Dictionary of National Biography, 1885-1900/Dobell, Sydney Thompson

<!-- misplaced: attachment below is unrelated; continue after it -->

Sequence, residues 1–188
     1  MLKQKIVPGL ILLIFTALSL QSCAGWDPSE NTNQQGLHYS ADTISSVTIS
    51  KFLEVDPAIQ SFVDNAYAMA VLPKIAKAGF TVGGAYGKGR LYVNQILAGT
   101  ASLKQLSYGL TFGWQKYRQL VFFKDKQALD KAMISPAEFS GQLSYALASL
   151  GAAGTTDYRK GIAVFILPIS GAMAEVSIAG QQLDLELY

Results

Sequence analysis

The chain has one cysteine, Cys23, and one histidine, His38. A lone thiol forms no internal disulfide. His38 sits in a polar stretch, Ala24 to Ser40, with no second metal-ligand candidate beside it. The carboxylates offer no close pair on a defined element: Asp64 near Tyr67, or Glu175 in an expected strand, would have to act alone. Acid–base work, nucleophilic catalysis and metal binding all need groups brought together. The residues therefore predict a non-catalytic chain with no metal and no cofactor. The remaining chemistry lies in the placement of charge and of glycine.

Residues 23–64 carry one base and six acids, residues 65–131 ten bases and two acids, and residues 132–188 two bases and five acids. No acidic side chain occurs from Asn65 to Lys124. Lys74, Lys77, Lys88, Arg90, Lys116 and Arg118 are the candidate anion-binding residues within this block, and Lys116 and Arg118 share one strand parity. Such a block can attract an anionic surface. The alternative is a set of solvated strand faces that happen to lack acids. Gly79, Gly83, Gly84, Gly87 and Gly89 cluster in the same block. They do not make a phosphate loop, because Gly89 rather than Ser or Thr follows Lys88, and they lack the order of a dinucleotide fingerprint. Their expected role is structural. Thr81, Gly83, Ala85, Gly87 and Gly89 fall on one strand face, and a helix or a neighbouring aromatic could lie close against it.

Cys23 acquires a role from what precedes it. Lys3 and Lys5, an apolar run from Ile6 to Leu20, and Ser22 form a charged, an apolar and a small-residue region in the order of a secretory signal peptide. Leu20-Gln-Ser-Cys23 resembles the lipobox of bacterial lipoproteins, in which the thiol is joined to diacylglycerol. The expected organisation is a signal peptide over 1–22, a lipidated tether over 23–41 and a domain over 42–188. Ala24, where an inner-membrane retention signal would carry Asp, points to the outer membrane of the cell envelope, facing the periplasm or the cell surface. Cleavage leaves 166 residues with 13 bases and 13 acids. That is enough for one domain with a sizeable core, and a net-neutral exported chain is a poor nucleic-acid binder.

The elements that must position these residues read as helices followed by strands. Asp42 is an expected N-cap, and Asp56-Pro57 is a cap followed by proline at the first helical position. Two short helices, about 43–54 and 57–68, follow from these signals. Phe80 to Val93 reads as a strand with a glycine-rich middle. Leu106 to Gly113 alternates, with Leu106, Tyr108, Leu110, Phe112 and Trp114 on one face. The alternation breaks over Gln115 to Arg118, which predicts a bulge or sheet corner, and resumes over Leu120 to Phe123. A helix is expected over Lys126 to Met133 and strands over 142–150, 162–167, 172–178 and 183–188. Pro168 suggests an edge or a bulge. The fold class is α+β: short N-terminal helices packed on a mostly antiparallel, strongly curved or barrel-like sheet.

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DOBELL, SYDNEY THOMPSON (1824–1874), poet and critic, born 5 April 1824 at Cranbrook in Kent, was the eldest son of John Dobell, author of a remarkable pamphlet, ‘Man unfit to govern Man,’ and a daughter of Samuel Thompson, known in his day as a leader of reforming movements in the city of London. His father, a wine merchant, removed in 1836 from Kent to Cheltenham, where the poet maintained, with various degrees of activity, till his death, his connection with the business and the district. Sydney, whose precocious juvenile verses had already attracted notice, was, with results in some respects unfortunate, educated by private tutors and his own study, and never went to either school or university. To this fact he makes an interesting reference in the course of some humorous lines on Cheltenham College, which date from his eighteenth year. At home he was overworked, especially overstrained by the fervour of inherited religious zeal, and his genius, in the absence of social checks, soon showed a tendency to eccentricity of expression, from which in later life he partially, but never entirely, shook himself free. From first to last he lived more among the heights of an ideal world than the beaten paths of life. Hence the elevation and the limitations of his work. His training during this crucial period made him a varied, but prevented him from becoming a precise, scholar, a result patent alike in his prose and verse.